Microsoft has pushed Windows right into the future with new updates to their legacy operating system, reports our Technology Editor Kevin Kelly.
At an event at the Microsoft campus just outside Seattle, the new version of Windows, called Windows 10, was showcased alongside a revolutionary new way of interacting with technology, Windows Holographic.
Terry Myerson, Microsoft’s executive in charge of operating systems, started the event talking through the details of Windows 10 that were already known. He laid out changes to its user interface that will make it friendlier to Windows 7 users, eliminating that big jump in usability to Windows 8.
The first big piece of news came when Myerson confirmed that Windows 10 will be a free upgrade in its first year for people running Windows 8.1 and Windows 7 on their machines. This is a big departure for Microsoft, a company that makes the vast percentage of its money on software.
Windows 10 will also run on Windows Phones, making this the first time that the same operating system runs on both phones and PCs. It will also be a free upgrade on phones.
New features were then unveiled, including Cortana, Microsoft’s answer to Apple’s Siri, running on the desktop, an improved notifications centre that features quick access to settings, and universal apps such as Office that can run on both PCs and phones.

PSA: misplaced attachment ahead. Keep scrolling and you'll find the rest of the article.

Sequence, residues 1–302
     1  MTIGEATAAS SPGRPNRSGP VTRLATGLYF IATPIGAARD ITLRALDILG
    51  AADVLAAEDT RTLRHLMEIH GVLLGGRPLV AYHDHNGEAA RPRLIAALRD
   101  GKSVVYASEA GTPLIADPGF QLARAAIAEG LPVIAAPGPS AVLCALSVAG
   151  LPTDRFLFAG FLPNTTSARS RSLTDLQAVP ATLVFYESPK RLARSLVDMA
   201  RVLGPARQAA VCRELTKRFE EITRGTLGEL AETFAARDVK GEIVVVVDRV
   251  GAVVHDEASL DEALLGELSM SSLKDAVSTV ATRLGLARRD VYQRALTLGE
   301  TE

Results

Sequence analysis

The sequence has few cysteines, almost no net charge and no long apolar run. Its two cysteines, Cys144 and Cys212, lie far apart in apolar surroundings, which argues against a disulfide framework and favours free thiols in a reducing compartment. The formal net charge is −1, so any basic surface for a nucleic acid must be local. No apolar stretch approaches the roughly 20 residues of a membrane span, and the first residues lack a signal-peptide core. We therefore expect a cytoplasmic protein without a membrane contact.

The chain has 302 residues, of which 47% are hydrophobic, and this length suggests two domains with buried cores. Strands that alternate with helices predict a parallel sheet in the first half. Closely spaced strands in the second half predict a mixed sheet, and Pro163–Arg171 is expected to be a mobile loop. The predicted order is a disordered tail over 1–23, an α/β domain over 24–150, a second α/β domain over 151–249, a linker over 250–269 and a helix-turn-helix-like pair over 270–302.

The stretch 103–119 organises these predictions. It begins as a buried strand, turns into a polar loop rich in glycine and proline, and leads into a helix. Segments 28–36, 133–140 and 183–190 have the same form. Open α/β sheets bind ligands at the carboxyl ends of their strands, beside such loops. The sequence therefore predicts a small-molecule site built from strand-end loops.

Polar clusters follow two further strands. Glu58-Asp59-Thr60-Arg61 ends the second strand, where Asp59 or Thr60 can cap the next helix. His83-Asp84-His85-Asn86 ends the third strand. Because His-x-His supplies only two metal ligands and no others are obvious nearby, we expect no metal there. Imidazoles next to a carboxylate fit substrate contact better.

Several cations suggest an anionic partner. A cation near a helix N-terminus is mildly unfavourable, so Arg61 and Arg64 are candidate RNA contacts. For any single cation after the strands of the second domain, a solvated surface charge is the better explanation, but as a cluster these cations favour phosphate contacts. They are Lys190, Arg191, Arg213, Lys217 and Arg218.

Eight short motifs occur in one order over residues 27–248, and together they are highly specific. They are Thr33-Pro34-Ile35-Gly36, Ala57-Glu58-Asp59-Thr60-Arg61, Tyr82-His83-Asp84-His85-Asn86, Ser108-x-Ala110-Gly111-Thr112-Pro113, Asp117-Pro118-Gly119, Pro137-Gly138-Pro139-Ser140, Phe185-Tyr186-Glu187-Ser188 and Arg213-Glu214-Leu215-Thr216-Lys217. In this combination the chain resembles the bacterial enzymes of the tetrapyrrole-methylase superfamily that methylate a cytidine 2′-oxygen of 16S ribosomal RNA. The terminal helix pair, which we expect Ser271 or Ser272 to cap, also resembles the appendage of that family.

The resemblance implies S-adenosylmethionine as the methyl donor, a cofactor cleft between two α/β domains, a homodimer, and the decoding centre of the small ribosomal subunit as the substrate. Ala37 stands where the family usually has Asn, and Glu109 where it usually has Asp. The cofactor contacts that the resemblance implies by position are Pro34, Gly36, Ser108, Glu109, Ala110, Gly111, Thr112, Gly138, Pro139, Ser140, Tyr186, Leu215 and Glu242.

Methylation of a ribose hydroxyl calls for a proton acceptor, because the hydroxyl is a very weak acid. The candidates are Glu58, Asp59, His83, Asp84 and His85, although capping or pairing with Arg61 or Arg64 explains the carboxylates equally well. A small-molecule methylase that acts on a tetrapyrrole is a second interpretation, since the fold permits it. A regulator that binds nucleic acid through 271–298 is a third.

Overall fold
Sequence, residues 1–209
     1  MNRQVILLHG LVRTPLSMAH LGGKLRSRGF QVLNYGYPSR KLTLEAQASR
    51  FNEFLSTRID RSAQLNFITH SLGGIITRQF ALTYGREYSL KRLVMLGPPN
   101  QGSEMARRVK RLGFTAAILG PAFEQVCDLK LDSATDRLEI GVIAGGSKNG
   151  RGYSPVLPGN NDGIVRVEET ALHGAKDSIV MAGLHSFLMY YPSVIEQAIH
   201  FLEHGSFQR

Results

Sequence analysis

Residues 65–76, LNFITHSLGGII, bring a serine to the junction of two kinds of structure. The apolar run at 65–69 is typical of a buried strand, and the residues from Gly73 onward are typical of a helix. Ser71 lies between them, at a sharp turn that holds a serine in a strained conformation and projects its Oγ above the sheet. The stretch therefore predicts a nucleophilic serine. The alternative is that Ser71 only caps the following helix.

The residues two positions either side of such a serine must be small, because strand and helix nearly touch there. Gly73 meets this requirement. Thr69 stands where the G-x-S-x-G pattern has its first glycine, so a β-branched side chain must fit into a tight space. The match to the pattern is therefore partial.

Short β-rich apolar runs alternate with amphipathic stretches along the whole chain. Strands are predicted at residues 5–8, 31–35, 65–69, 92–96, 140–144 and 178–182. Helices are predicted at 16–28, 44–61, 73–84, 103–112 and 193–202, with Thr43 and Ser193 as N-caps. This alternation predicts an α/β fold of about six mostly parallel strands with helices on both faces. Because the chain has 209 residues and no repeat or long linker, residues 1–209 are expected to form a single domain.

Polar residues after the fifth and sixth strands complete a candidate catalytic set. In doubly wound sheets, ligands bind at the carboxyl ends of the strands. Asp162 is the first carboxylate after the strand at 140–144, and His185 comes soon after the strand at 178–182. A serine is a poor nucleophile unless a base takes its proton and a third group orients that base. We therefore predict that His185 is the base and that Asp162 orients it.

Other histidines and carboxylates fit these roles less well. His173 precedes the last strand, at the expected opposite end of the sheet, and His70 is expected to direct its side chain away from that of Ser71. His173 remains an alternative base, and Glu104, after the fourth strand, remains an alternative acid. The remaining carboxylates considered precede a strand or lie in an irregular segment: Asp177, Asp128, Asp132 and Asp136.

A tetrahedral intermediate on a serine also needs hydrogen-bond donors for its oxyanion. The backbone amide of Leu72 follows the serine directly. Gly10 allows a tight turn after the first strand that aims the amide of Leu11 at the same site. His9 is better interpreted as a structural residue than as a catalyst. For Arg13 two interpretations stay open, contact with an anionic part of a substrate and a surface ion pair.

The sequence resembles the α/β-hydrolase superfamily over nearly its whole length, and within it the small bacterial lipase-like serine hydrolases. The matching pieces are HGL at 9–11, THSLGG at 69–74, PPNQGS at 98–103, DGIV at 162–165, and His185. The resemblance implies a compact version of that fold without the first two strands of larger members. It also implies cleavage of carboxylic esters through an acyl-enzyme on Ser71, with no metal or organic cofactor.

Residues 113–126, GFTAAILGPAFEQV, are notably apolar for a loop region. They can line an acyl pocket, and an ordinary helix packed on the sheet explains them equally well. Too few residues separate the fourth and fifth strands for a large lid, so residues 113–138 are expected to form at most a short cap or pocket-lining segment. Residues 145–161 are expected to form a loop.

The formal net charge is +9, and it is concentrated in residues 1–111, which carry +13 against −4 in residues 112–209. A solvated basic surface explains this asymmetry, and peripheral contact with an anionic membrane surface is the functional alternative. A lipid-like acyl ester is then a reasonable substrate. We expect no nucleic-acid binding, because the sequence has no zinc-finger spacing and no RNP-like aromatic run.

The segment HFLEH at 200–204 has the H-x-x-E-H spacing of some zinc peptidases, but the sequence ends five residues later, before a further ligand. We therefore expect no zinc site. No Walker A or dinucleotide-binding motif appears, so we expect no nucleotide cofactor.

Also unveiled was Project Spartan, Microsoft’s new browser set to replace the aging Internet Explorer. While not a whole new browser as it runs the same engine and innards as IE, it does feature a brand new interface that distances itself from its predecessor. 
The main surprise of the event was the presentation of Windows Holographic, a feature of Windows 10 that allows you to work with augmented reality through a special headset called HoloLens. While other headsets, like the Oculus Rift, take up your entire vision, HoloLens are clear glasses that augment what you see rather than virtually take it over.
Some examples of use of the HoloLens that were demonstrated to journalists at the event included building objects that could then be 3D printed, playing Minecraft in the room around you, and exploring the surface of Mars, this example was built in conjunction with NASA.
According to Microsoft, HoloLens and Windows Holographic will be available and functional with the release of Windows 10 later this year.
The use of holograms and holographic technology mark a huge step into an ambitious future for Microsoft. As their last version of Windows took a hammering, both commercially and critically, introducing this incredibly bold and new way of computer interacting will be a gamble for Microsoft.
Just last week, Google announced it would be ending its current run of Glass, its own wearable computer that augmented your vision with information. With Microsoft now entering this space head first, albeit with a device and software that does have different functionality than Glass, the future looks increasingly different than the laptop or desktop PC you currently use.